Learn about the different types of phishing attacks facing organisations today and the challenges with keeping your data safe
Phishing has been a common cyberthreat for many years now, but as technology advances, the methods used by cybercriminals to breach your systems and steal your data have grown in complexity. This has led to an increase not just in incidents of phishing attacks but the different types of phishing attacks facing businesses today.
“In the past year, 83% of all cyberattacks in the UK were phishing attacks.” ‘Cyber Security Breaches Survey 2021’, Gov.uk
A successful phishing attack typically leads to a data breach or ransomware attack. Both financially and in terms of a company’s reputation, this can be devastating. Unsurprisingly, the damage it causes often results in customers taking their business elsewhere. The stakes have never been higher.
In this article, familiarise yourself with the fundamentals of phishing, the different types of phishing attacks in use today and how you can protect your data and your organisation against the growing risk of phishing attacks — before it’s too late.
What is phishing?
Phishing attacks are attempts by cybercriminals posing as a trusted person or organisation to trick an individual into opening a fraudulent email, SMS, or instant message. Once opened, this message is designed to deceive the victim into sharing sensitive information or clicking a link that will run malicious code.
It’s often referred to as a form of social engineering because it leverages human interactions and psychological manipulation to bypass firewalls and other network security measures.
While all phishing attacks can be thought of as social engineering attacks, that doesn’t mean all phishing attacks operate in the same way. Today, there are five different types of phishing attacks against which organisations need to protect themselves. What do they look like?
Targeting a specific individual or business.
Sending a large number of untargeted phishing emails.
Phishing attacks targeting a company’s executives.
Phishing attacks performed over the phone or VOIP.
Attacks using text messaging.
5 different types of phishing attacks and examples
1. Bulk phishing
The most common type of phishing attack is known as bulk phishing. As its name suggests, bulk phishing attacks are carried out as scale, involving large numbers of fraudulent emails distributed to employees and other individuals.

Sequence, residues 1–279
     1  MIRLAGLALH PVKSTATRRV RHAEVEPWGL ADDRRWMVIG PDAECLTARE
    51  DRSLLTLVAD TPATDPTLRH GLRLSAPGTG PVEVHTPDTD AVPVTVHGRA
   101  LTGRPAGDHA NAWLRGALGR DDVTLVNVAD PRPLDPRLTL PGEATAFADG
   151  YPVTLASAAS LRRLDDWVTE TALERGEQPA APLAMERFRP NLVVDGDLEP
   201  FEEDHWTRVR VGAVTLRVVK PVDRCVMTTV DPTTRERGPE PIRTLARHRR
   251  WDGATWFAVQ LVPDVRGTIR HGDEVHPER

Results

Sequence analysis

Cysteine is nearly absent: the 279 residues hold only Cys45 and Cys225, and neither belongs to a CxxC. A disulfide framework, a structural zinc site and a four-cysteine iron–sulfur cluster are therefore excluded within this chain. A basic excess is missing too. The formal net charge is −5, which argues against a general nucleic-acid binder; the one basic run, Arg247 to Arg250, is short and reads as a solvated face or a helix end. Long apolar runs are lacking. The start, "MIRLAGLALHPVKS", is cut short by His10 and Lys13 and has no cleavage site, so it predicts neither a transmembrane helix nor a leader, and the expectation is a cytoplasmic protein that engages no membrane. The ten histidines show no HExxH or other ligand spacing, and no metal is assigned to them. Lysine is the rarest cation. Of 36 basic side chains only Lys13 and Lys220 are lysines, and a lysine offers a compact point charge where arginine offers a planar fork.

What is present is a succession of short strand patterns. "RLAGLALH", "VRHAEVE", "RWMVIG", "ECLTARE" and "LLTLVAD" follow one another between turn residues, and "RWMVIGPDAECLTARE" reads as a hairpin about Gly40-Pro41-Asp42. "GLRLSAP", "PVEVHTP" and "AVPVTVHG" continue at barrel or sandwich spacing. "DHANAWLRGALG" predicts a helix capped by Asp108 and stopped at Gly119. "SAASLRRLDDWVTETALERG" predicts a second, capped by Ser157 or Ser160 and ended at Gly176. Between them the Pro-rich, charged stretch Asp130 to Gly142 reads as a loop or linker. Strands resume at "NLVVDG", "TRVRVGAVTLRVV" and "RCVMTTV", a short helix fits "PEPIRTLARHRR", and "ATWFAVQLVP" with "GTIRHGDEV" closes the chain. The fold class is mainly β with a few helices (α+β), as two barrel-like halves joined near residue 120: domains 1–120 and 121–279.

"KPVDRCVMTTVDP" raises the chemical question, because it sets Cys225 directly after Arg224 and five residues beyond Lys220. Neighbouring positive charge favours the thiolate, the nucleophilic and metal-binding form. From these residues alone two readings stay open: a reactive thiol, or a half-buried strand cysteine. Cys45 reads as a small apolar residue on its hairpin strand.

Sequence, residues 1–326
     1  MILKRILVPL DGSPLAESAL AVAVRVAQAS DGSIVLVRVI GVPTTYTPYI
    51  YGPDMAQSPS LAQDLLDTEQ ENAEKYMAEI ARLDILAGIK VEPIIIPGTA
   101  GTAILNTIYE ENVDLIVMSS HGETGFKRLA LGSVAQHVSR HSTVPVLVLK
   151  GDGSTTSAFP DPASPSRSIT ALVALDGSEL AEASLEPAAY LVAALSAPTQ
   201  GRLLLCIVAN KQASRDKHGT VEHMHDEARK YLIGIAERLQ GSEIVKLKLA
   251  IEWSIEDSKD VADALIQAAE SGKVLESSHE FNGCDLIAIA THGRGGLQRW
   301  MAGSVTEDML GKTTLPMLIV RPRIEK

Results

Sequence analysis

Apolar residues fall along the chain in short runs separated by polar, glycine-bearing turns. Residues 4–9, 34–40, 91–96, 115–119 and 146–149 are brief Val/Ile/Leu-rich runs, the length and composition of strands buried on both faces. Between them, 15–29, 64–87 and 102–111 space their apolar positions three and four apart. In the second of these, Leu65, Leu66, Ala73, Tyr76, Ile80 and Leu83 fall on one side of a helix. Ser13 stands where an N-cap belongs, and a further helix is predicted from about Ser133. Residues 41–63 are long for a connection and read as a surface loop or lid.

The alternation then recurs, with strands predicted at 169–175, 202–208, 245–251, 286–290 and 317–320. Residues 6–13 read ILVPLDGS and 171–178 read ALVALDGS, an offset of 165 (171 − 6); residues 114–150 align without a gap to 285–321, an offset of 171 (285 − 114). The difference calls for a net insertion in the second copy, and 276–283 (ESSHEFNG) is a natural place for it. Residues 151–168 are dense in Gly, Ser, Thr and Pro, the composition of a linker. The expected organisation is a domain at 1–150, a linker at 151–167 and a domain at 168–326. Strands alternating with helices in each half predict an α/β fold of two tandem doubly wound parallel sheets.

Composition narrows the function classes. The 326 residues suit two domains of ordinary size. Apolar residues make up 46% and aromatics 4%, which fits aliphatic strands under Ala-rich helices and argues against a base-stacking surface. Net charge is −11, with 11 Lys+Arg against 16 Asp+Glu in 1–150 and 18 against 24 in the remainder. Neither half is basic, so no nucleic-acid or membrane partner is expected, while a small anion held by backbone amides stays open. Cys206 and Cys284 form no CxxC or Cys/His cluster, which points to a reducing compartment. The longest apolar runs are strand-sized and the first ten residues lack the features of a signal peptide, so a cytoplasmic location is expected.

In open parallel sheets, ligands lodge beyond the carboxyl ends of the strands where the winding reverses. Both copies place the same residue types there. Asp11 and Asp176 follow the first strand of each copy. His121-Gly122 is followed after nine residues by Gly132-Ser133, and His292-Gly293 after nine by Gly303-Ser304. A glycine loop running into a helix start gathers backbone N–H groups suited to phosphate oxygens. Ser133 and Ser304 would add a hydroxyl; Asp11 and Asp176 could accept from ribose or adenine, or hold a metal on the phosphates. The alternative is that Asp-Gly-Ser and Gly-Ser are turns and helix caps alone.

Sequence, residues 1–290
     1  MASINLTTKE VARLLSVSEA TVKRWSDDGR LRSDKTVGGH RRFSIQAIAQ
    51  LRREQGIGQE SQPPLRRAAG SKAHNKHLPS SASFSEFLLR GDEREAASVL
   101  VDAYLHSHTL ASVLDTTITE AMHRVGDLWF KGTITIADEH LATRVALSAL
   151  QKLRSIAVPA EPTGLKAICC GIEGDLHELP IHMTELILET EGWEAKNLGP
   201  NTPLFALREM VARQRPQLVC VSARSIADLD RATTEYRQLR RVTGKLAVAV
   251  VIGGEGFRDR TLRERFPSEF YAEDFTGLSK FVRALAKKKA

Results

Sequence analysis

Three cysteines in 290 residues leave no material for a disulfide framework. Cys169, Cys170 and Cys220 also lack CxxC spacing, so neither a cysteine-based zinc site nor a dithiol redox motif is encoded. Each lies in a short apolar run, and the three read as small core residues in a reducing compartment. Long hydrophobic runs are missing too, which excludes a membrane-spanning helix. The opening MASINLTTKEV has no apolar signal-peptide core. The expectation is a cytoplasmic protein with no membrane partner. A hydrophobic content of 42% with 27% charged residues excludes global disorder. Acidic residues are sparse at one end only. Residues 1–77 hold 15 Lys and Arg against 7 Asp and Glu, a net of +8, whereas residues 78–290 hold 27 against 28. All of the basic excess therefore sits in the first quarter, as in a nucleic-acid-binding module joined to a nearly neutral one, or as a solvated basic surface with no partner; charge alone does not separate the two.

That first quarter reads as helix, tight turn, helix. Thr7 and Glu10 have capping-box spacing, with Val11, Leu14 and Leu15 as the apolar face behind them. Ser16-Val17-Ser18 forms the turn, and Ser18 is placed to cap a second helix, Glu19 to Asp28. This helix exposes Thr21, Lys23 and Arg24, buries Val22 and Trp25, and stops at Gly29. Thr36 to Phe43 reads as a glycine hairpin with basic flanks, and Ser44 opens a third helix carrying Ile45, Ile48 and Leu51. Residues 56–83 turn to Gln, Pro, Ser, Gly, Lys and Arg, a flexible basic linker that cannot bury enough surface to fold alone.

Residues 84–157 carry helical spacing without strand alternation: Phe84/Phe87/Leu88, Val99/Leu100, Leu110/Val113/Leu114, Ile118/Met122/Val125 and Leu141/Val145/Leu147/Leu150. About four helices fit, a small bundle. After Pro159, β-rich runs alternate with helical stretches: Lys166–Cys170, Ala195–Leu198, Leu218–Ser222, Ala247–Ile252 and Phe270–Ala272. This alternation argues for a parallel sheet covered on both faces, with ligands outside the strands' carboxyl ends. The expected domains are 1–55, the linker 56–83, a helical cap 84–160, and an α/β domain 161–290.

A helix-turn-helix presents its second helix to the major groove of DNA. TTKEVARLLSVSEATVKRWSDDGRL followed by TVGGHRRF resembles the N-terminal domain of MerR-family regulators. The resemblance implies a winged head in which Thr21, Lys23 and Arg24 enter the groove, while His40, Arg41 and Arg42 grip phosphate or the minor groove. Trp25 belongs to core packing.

Bulk phishing attacks are more easily recognised by their targets because they’re not personalised. Their strength lies in the sheer volume of attacks carried out. It only takes one person to unthinkingly or unwittingly open the email and click the link for the attack to be successful.
Examples of bulk phishing attempts include emails relating to winning a prize, issues with the user’s account, or emails stating that a password has expired and needs to be changed.
Some of these can easily be spotted due to poor grammar, spelling and design of the email, however others are nearly indistinguishable from an official email.
2. Spear phishing
When threat actors take the step to personalise phishing attacks to the recipient, this is known as spear phishing.
Spear phishing involves more research on the part of the cybercriminal but has generally higher success rates because targets are more likely to engage with emails that include personal details, making them more susceptible to malicious links or files.
Examples of spear phishing include emails that contain the victim’s name or place of work, emails imitating a supplier, or outreach from third-party technical support requiring the user to send their password for security reasons.
When a phishing email targets a company’s executives, this is known as whaling. Whaling attacks are typically aimed at stealing senior executives’ login credentials. Understandably, this can be devastating when it is successful as executives’ accounts often have comprehensive access to the company network along with employee and customer data.